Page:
What we do - information for patients 


Conditions we specialise in treating

Pancreaticobiliary cancers
We offer a comprehensive service to patients with suspected or confirmed cancer of the pancreas or bile duct. In discussion with our patients we offer a range of procedures to confirm the exact diagnosis. We assess the cancer and offer a range of treatments in collaboration with our surgical and oncology colleagues for the cancer or it’s complications, like jaundice, to allow the best possible outcomes.

Gallstones 
Gall stones are a common cause of abdominal pain and jaundice. We specialise in the removal of particularly challenging stones from the bile duct. We also offer EHL (electrohydraulic lithotripsy) where required which means very large stones can be managed endoscopically by shattering them under direct vision at the time of cholangioscopy rather than requiring surgery.

Biliary strictures
With our experience and resources of highly specialised endoscopy (ERCP, EUS and cholangioscopy) we are able to diagnose and treat strictures of the bile duct.

Acute pancreatitis
Inflammation of the pancreas causes severe abdominal pain and can be life threatening or lead to serious complications. We are experts in the diagnosis of the cause of recurrent attacks of pancreatitis and also admit patients from other hospitals around the region who need our specialist care for severe attacks of pancreatitis.

Chronic pancreatitis
We assess patients with chronic pancreatitis in our out-patients unit. The aims of the service are to determine the cause of the pancreatitis; evaluate and treat any complications; and determine a strategy of alleviating the pain of chronic pancreatitis such as endoscopic pancreatic therapy in close liaison with our surgical colleagues at the Royal Free Hospital.

Sphincter of oddi dysfunction
This condition is thought to be caused by spasm of the sphincter muscle at the bottom of the bile duct. It leads to long term pain in the abdomen which can be debilitating. We are referred patients from doctors who think this might explain their patients symptoms. We then spend time with the patient in the clinic and judge whether they would benefit from an ERCP and direct measurement of the sphincter pressure (sphincter of oddi manometry)

Pancreatic cysts
Cysts of the pancreas are quite common, and are often found incidentally when an abdominal scan is done for other reasons. We offer a service to patients to determine the nature of these cysts and whether any particular treatment is needed.

 

Procedures we perform

ERCP
ERCP is the commonest procedure we perform for treat problems within the bile duct and pancreas. A flexible endoscope is passed through the mouth, and is passed into the bowel just beyond the stomach to the opening of the bile duct and pancreatic duct. Using x-ray screening and contrast agent a wire and tube is placed into either the bile duct or pancreas. Treatment can then be undertaken such as removal of gallstones, taking tissue samples, and inserting a stent (tube) into blocked ducts to enable drainage and alleviate jaundice.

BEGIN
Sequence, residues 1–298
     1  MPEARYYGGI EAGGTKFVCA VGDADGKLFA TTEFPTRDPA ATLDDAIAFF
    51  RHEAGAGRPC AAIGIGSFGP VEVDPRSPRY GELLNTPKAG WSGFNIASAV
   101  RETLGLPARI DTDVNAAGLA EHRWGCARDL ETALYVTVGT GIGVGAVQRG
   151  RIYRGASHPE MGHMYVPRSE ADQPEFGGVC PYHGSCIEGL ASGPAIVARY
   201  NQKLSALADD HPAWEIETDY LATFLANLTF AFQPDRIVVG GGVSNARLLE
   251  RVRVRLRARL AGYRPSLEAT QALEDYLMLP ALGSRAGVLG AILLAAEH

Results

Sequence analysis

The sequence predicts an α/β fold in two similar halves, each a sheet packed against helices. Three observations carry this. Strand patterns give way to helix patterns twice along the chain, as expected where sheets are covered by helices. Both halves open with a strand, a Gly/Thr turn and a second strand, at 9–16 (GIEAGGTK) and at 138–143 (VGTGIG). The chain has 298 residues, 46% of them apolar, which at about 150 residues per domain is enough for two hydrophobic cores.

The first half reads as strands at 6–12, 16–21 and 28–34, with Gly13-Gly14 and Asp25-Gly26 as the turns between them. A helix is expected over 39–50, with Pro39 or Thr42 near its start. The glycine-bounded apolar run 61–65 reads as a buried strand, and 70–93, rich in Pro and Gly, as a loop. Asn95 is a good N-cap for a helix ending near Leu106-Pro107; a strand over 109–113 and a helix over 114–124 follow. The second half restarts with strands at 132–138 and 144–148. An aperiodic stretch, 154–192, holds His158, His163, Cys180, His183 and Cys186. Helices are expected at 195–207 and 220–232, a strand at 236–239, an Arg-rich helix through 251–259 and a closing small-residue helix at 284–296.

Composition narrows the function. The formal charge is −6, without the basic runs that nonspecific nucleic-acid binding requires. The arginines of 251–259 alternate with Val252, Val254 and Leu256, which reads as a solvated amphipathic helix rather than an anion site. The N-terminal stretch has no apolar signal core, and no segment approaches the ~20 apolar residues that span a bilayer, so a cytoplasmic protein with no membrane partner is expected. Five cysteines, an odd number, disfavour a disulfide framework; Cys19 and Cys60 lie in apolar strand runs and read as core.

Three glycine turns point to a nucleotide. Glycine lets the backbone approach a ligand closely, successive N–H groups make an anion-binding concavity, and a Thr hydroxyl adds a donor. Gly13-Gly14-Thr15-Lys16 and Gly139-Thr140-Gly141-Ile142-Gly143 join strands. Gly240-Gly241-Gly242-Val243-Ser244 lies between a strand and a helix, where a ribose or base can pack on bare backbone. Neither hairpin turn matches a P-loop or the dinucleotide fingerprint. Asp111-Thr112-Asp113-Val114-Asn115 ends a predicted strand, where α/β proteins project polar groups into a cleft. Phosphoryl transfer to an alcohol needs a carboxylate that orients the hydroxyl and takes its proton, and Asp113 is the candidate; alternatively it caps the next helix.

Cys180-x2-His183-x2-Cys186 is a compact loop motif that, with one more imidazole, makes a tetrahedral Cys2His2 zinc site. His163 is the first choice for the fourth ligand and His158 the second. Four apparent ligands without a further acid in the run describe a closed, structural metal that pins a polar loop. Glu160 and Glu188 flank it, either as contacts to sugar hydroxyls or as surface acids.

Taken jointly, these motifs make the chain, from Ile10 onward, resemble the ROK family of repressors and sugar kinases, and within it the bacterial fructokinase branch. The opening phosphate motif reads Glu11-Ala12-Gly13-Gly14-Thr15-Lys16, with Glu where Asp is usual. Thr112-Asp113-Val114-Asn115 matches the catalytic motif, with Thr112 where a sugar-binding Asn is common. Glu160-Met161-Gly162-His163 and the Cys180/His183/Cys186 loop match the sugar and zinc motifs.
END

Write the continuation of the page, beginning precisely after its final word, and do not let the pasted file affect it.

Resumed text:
EUS
This procedure is used to obtain very detailed images of the anatomy around of the upper bowel, pancreas and bile ducts. An endoscope fitted with a tiny ultrasound probe is passed though the mouth into the stomach and upper bowel. Needles can be used through the scope to sample tissue and sometimes undertake other treatments such as a nerve block or cyst drainage.

Cholangioscopy
This is when a very small endoscope is passed through the lumen of a standard endoscope during an ERCP. This small endoscope can be passed into the bile duct and liver and used to evaluate and biopsy strictures of the bile duct, and also directly smash gallstones using EHL (electrohydraulic lithtrypsy).

Enteral stenting (stenting of pylorus, duodenum and colon)
Sometimes certain types of cancer can cause a blockage to the bowel. It is sometimes possible to reach the blockage with an endoscope and insert a metal stent to open the narrowing and relieve the symptoms of obstruction.

Percutaneous and trans-hepatic biliary intervention
Sometimes we cannot access the bile duct from the bowel, particularly if a patient has had surgery such as a gastric by-pass operation for obesity or a Whipples resection. Our radiology colleagues are able to gain access to the bile duct by passing a tube through the liver and into the bile duct to relieve jaundice and undertake other treatments like stenting.

Sphincter of oddi manometry
Spasm of the sphincter muscle at the bottom of the bile duct can lead to long term pain in the abdomen which can be debilitating. We sometimes arrange for an ERCP and direct measurement of the sphincter pressure. If these are elevated making a small cut into the sphincter can relieve the pain.

 Contact details

Pancreatobiliary service
University College Hospital
UCLH contact centre
Ground floor central
250 Euston Road
London, NW1 2PG

Patient enquiries
Telephone: 020 3447 9229

GP enquiries
Telephone: 020 3447 9229
Fax: 020 3447 9218
Email: r.bombusa@nhs.net

Other information
Dylan Smiley (for HPB medicine) / William Mcintyre (for HPB surgery)

dylan.smiley@uclh.nhs.uk  / William.Mcintyre@uclh.nhs.uk